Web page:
First, we deal with possible constant solutions. A function which is constantly equal to a certain value solves (6) if and only if is a root of the polynomial (in the variable ) , that is, if and only if or . As we disregard the initial conditions , this yields the only value . Therefore, is the unique constant function solving (6) for an initial condition .
Assuming now , we can divide both sides of (6) by the right-hand side , which is non-zero by continuity for sufficiently close to : we thus get
Taking indefinite integrals, the previous equality is verified if and only
where is any fixed antiderivative of . To find , we consider two different cases, which are solved by different methods of integration:
First case: . In this case is an antiderivative of , so that we can take . Therefore, (7) is equivalent to
which amounts to
Plugging the initial condition into the last displayed equation, we obtain
We deduce that
for every initial condition , that is, the population eventually dies out.
Seeond case: . We apply the method of partial fractions and decompose
where we need to find . The previous equation is satisfied when the conditions
are simultaneously met, which gives
is thereby equivalent to
We now solve the previous equation for : equality
implies, multiplying both sides by , taking exponentials and removing the absolute value, that
Calling , which can be an arbitrary nonzero real number, and multiplying by the denominator on the left-hand side of the last displayed equation, we obtain
which amounts to
that is, to
where the last equality follows by dividing numerator and denominator by the nonzero quantity and calling . Observe that, when is allowed to be equal to , we recover the constant solution examined at the beginning.
Plugging the initial condition in (8), we get
from which we readily find
Finally, we conclude that the unique solution to (6) (for ) with initial condition is given by
Now observe that we have different asymptotic behaviours of the solution, depending on whether is larger or smaller than . If , then
from which it follows that
for every initial condition . On the other hand, if , then
for every initial condition .
To sum up, our analysis has brought to the fore the presence of three distinct regimes for the logistic equation with proportional harvesting.
- In the case , the evolution does not involve an overwhelming consumption of resources, so that the system allow an equilibrium state at the value , to which every solution tends asymptotically. Observe that, consistently with the underlying intuition, the very fact that there is consumption of resources () corresponds to the equilibrium state being strictly smaller than the corresponding one for the logistic equation without harvesting.
- At the value , a phase transition occurs for the given model: the population does not stabilise towards a positive value any longer, but instead dies out irrespective of the initial number of individuals. Furthermore, the explicit expression of the solution enables us to understand that the rate of decay of the number of individuals is polynomial, that is, tends to zero with the same speed as the function .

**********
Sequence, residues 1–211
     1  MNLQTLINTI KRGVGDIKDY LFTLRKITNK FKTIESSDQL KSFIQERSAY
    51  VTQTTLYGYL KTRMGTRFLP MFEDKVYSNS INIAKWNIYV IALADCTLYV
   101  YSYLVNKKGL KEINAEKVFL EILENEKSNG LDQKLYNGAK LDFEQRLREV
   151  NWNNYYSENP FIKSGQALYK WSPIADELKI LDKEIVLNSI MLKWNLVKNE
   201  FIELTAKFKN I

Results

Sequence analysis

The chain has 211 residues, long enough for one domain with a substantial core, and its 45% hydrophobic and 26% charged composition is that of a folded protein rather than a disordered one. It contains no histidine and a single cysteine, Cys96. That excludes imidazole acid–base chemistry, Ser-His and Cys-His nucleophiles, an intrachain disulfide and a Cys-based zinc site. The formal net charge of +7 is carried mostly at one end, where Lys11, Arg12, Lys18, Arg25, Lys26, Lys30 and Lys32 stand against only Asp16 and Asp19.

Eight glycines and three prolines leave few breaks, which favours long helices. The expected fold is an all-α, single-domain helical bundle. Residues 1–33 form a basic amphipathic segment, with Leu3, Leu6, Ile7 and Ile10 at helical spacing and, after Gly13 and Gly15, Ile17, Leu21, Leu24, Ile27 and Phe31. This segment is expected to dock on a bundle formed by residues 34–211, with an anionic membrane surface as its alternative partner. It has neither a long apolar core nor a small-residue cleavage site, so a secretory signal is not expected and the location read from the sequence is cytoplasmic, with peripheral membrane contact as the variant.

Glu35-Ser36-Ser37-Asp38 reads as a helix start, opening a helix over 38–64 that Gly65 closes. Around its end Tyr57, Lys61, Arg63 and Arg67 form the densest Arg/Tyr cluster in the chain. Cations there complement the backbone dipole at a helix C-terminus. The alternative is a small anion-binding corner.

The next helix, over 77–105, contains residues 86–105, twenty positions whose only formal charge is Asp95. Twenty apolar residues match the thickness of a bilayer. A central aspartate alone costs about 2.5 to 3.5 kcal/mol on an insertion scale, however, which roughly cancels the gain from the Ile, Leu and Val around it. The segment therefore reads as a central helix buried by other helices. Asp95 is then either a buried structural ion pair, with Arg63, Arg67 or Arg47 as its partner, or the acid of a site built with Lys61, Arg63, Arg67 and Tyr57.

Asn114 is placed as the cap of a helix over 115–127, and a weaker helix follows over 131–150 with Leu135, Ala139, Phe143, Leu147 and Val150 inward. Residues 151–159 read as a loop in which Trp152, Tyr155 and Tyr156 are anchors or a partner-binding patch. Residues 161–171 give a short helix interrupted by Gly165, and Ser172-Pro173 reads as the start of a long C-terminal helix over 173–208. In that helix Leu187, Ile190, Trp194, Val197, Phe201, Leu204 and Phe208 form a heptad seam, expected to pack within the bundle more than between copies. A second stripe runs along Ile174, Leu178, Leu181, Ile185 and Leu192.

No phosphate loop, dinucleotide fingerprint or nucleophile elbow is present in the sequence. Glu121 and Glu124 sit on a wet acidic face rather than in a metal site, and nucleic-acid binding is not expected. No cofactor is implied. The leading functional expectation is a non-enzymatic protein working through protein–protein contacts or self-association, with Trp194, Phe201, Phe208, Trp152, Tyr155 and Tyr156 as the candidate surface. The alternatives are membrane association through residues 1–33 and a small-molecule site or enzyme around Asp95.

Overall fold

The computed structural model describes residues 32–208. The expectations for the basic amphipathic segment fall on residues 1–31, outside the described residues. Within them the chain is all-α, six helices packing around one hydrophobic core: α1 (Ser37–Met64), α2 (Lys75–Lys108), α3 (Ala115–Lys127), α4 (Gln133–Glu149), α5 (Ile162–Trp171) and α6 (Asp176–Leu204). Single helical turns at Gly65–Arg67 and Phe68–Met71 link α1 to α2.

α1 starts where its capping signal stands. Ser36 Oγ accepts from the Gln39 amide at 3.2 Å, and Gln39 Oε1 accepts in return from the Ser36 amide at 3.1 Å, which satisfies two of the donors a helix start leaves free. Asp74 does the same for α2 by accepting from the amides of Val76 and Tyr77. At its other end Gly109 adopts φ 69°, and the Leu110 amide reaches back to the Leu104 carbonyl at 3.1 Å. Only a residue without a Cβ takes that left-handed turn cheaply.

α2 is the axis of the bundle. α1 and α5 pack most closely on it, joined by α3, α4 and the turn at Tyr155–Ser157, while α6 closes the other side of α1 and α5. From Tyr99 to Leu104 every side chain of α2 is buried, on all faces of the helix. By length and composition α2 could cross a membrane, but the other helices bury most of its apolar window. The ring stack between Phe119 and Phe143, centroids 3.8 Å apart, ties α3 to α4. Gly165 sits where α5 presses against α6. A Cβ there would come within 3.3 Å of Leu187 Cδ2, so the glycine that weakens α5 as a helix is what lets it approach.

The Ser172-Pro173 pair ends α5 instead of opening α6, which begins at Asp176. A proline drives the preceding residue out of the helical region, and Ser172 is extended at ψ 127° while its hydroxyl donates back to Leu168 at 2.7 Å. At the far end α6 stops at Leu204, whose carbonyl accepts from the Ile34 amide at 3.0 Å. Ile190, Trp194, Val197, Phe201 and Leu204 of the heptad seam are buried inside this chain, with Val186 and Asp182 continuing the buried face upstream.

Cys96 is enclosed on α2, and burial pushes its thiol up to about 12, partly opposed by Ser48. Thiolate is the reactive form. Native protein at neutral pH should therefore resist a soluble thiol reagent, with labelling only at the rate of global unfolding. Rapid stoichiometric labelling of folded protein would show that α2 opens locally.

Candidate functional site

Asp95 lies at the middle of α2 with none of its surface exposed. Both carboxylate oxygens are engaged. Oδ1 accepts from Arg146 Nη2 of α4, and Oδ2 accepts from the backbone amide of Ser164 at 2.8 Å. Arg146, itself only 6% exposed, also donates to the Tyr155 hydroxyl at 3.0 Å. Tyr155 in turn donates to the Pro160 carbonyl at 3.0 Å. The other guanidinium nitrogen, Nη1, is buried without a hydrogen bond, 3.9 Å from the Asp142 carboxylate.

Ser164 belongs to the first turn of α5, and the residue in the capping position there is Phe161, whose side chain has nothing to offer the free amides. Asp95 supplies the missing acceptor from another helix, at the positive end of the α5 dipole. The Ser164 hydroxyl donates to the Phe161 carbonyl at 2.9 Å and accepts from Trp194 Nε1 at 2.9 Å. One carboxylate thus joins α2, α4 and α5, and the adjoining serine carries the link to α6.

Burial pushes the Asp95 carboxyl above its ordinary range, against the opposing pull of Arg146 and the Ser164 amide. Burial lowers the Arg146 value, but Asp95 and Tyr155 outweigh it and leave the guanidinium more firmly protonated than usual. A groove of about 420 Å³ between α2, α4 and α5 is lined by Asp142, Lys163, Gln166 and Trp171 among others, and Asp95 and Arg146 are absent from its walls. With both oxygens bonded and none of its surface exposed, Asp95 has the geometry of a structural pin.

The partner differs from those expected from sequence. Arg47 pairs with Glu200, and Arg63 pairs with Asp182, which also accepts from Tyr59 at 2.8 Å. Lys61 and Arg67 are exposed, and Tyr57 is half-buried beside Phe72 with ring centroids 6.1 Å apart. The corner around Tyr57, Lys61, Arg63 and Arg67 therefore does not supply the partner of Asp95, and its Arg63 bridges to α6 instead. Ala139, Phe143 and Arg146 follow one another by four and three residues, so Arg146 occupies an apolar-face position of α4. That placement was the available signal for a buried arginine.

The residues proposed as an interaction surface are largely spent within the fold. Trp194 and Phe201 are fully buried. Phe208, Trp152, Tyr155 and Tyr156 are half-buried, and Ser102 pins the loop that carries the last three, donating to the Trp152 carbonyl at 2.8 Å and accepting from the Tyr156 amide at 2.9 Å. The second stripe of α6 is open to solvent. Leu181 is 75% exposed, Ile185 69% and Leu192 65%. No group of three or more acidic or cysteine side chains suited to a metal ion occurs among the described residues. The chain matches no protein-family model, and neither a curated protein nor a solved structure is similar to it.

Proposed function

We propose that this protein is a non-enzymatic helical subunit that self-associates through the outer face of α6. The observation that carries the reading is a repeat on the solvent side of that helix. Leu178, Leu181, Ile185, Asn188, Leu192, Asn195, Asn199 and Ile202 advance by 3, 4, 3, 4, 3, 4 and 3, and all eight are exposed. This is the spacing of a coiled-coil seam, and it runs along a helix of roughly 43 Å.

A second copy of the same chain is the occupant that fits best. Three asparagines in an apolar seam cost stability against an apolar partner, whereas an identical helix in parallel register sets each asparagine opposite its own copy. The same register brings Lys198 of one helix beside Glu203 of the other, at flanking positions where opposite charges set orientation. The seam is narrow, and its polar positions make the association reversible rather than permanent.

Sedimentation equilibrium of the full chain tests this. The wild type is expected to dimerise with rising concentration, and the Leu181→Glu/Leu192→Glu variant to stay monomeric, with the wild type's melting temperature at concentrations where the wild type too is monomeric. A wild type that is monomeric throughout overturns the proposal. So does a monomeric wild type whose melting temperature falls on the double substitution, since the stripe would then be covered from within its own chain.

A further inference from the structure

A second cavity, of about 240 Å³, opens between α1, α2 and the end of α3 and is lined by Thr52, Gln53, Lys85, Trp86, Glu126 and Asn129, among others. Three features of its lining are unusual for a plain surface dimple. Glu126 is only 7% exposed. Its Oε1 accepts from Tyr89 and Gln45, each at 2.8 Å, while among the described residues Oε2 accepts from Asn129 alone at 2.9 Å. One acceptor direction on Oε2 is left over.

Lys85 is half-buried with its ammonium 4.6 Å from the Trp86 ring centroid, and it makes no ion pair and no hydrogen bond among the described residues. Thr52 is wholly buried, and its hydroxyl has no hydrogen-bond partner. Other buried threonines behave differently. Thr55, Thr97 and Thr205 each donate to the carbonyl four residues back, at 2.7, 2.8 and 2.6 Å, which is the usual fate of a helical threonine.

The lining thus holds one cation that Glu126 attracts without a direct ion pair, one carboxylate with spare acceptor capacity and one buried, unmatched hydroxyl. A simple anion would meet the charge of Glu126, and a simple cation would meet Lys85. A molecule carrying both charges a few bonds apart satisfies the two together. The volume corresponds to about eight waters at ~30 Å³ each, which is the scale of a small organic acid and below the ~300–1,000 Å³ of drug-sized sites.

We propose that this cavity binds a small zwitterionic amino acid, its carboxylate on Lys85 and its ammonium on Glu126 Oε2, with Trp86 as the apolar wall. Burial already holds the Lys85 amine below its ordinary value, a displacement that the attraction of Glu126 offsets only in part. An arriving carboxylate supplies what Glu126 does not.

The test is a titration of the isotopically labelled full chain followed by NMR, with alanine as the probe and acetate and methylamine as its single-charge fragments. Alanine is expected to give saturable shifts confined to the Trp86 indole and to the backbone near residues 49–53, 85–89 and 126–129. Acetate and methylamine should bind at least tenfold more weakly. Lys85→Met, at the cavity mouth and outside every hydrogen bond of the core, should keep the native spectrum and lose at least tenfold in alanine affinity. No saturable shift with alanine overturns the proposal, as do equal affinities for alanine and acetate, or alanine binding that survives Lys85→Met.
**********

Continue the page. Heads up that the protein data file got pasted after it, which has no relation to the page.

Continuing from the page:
- Finally, in the case , the population eventually dies out once again. However, if the qualitative behaviour of the solution (namely the fact that it tends to ) matches the case , the quantitative behaviour substantially tells the two cases apart. Indeed, in this case, tends towards the limiting value with the same speed as the function , hence much faster than does; in other words, the rate of decay is exponential.
Here are the phase lines both for the standard logistic equation and for the logistic equation with proportional harvesting. Observe that, from a qualitative perspective, the asymptotic behaviour of the solutions can be entirely read off from the phase line, without solving the equation explicitly. However, finer information such as the speed of convergence to equilibria cannot be inferred from the phase line.
This is a list of the courses and seminars for which I was teaching assistant in the last five years at ETH:
- Fall 2021 – Student seminar: Elementary Number Theory
- Fall 2020 – Algebraic Geometry I
- Fall 2020 – Differential Geometry 1
- Fall 2019 – Student seminar: Homogeneous Dynamics and Counting Problems
- Fall 2019 – Analysis III: Partial Differential Equations
- Spring 2019 – Functional Analysis II
- Fall 2018 – Functional Analysis I
- Fall 2018 – Commutative Algebra
- Fall 2017 – Linear Algebra
During the academic year 2021-2022 I co-organized the Geometry Graduate Colloquium in the mathematics department at ETH: the webpage is here.